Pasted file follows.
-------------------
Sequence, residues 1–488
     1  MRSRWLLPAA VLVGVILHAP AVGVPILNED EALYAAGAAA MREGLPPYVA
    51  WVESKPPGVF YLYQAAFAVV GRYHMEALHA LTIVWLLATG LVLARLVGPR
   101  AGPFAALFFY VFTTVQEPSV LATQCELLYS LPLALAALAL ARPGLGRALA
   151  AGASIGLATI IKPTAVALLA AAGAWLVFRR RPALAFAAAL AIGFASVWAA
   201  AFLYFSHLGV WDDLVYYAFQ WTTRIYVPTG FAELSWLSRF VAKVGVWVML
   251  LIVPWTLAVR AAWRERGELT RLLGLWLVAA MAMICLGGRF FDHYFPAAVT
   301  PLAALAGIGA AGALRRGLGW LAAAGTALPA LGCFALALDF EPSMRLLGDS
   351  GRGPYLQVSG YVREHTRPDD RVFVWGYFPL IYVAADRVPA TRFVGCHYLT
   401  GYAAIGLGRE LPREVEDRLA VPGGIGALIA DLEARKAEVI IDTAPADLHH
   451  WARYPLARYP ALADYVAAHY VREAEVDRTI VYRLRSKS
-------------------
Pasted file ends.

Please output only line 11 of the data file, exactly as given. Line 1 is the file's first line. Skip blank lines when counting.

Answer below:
   451  WARYPLARYP ALADYVAAHY VREAEVDRTI VYRLRSKS